The eighteenth-century priest. Information about him comes from five Arabic manuscripts, three of which are at the Coptic Patriarchate of Cairo, and from a report made in on 4 October 1747 by the priest Jacques de Kremsier, apostolic prefect of Egypt.

According to a manuscript from Faytrun, his father’s name was Mu’nis. Antuniyus was born in in 1703. He was one of a generation of Coptic Catholics who came to Rome to live as regular monks with the Ethiopian monks installed at San Stefano dei Mori from 1732. He was professed there according to the rule of Saint ANTONY of the desert, as he was always to emphasize in later years. At Rome he continued his studies in philosophy, and in 1735 he copied a manual of logic, which he probably used for his studies. After his theology studies at Rome, he was ordained a priest.

On 26 February 1743 he arrived in Cairo, where he began his work as a missionary secular priest. His mission consisted of “preaching in the people’s homes, visiting the Catholics, and not failing in his duty.” Thus in October 1747 he was in Cairo; how many years he continued to exercise this apostolate is unclear.

Much later, in 1760, we have evidence that Antuniyus was in Rome, copying manuscripts until 1763. He was still working in liaison with the missionaries of Egypt; thus the Hawadith al-I‘tiraf (Tales of Confessions) were copied “at the request and for the use of the monks and the missionaries” (Graf, no. B 3). He must have died shortly after 1775, the date of the last manuscript bearing his name.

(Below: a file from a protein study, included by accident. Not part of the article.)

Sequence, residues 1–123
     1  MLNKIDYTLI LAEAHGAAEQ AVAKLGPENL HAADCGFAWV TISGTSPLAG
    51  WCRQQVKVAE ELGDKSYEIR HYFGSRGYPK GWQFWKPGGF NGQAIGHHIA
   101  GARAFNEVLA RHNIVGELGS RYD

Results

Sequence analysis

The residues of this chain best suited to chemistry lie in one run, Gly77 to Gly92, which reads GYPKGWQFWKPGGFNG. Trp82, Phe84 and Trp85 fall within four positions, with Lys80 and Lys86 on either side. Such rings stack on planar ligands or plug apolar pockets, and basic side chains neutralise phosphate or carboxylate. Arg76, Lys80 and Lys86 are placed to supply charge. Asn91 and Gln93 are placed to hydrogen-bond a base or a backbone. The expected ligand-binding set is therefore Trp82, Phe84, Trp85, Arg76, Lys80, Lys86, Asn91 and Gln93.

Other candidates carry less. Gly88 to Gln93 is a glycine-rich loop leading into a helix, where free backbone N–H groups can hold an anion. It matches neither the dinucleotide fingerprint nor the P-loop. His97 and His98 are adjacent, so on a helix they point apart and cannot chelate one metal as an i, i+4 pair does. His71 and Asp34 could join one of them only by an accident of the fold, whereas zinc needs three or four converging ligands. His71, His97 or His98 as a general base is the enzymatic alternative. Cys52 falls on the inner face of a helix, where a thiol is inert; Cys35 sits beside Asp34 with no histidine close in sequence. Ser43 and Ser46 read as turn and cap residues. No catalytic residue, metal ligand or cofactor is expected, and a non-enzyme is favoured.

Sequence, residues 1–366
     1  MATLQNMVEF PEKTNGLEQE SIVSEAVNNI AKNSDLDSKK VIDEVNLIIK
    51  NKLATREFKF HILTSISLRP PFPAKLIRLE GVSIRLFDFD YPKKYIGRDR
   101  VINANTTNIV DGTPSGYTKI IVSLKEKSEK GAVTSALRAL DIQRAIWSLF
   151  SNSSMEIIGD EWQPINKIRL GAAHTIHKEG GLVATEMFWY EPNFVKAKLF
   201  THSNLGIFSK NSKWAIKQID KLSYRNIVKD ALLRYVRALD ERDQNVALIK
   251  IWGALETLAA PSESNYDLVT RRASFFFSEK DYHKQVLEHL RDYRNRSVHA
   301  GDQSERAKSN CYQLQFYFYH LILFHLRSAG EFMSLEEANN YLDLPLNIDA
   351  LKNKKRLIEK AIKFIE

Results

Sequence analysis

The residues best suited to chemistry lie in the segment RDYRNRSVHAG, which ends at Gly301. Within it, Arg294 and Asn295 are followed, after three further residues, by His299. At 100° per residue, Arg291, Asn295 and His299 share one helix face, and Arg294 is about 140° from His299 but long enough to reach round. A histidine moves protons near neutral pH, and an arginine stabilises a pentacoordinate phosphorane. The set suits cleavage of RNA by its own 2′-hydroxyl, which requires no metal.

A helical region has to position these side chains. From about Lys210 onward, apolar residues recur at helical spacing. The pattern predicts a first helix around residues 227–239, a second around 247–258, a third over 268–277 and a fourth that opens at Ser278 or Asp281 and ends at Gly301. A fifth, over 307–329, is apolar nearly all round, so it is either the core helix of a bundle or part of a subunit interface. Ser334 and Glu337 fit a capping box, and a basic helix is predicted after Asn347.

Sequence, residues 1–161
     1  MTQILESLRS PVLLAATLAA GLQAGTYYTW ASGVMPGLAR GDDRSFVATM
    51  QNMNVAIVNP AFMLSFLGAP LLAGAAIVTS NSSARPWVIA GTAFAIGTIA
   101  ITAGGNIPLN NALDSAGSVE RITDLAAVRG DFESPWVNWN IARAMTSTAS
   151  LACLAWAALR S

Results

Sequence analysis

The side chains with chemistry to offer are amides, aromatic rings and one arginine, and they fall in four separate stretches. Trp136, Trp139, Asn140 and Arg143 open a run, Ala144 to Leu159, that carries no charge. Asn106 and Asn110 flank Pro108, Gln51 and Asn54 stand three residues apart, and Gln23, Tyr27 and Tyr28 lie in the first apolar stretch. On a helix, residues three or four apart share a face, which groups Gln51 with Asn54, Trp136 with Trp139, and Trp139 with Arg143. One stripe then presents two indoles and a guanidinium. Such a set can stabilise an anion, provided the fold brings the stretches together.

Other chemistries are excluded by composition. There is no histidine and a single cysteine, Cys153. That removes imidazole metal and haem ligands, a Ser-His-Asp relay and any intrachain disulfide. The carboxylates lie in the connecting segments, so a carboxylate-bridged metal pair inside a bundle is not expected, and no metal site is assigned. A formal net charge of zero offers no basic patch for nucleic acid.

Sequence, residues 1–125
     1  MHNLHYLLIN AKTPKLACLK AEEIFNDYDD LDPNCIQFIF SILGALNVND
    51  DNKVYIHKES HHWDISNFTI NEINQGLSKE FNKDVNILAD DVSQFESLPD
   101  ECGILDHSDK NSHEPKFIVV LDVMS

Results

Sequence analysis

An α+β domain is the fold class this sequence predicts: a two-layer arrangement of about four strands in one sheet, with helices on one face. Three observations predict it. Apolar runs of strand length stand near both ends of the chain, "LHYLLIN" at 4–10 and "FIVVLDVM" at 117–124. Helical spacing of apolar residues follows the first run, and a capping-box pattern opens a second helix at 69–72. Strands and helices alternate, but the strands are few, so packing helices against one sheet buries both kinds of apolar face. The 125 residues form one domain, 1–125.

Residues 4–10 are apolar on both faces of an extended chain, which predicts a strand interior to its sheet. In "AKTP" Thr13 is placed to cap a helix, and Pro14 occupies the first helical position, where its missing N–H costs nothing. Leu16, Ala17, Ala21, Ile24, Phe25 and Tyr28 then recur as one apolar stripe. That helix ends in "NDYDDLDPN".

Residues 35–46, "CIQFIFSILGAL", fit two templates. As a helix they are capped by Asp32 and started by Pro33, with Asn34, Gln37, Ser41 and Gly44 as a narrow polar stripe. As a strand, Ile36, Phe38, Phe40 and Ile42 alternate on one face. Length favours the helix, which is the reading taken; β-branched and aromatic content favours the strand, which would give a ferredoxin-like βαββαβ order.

In 1735, Antuniyus copied an anonymous manual of logic. On this occasion he signed himself Antuniyus ibn Mu’nis Mulukhiyyah. In 1760, Antuniyus copied eighty-two sermons, probably translated from the Italian, dealing principally with death, the Last Judgment, heaven, purgatory, hell, etcetera. (Coptic Patriarchate, Cairo, Theology 277; Graf, no. 513; Simaykah, no. 378).

In 1761 he copied the Casos raros de la confession by the Jesuit Christoval de Vega (1595-1672), translated from Italian to Arabic with the Riflessioni of Antonio Heraudo di Levenzo, under the title Hawadith al-I‘tiraf. The translation is by the Maronite Ibrahim Jalwan al-Simrani (Graf, 1949, p. 471, no. e; Coptic Patriarchate, Cairo, Theology 281; Graf, no. 514; Simaykah, no. 379).

In 1763 he copied a large folio manuscript of 686 pages containing the commentary on the Gospel of John by the Dutch Jesuit Cornelius a Lapide (d. 1637) for the use of the small community of San Stefano. The text was probably translated by the RUFA’IL AL-TUKHI, who was living with him at San Stefano dei Mori (d. 1787). This is the only known manuscript of this commentary (Graf, 1951, p. 163, no. 8e; Coptic Patriarchate, Cairo, Theology 52; Graf, no. 508; Simaykah, no. 382).

Finally, in 1775, when he was probably too old to copy the manuscript himself, at his own expense he had copied in a large folio manuscript of 922 pages containing a of Holy Week, in and Arabic, including the entire book of Revelation. The copy was made by the deacon (shammas) Dawud Mina al-Jizawi, nicknamed al-Muwaqqi‘, who professed to be “Coptic by race and Catholic by belief,” in the house of the Muallim Yuhanna Abu Ghubriyal. It was completed on 11 September 1775. Antuniyus donated this manuscript to Rufa’il al-Tukhi, as can be seen from fol. 1r: “MSS Copti di Monsig. Num. XIII.” It is now in the Vatican Library (Borgia Coptic 52; cf. Graf, Vol. 2, pt. 1,pp 199-204, with the colophon reproduced in full).


  • Graf, G. Catalogue de manuscrits arabes chrétiens conservés au Caire, pp. 192-93. Studi e testi 63. Vatican City, 1934.
  • Trossen, J.-P. Les Relations du patriarche copte Jean XVI avec Rome (1676-1718); pp. 201-18: Answer by Fra Giacomo da Cremsirio. Luxembourg, 1948.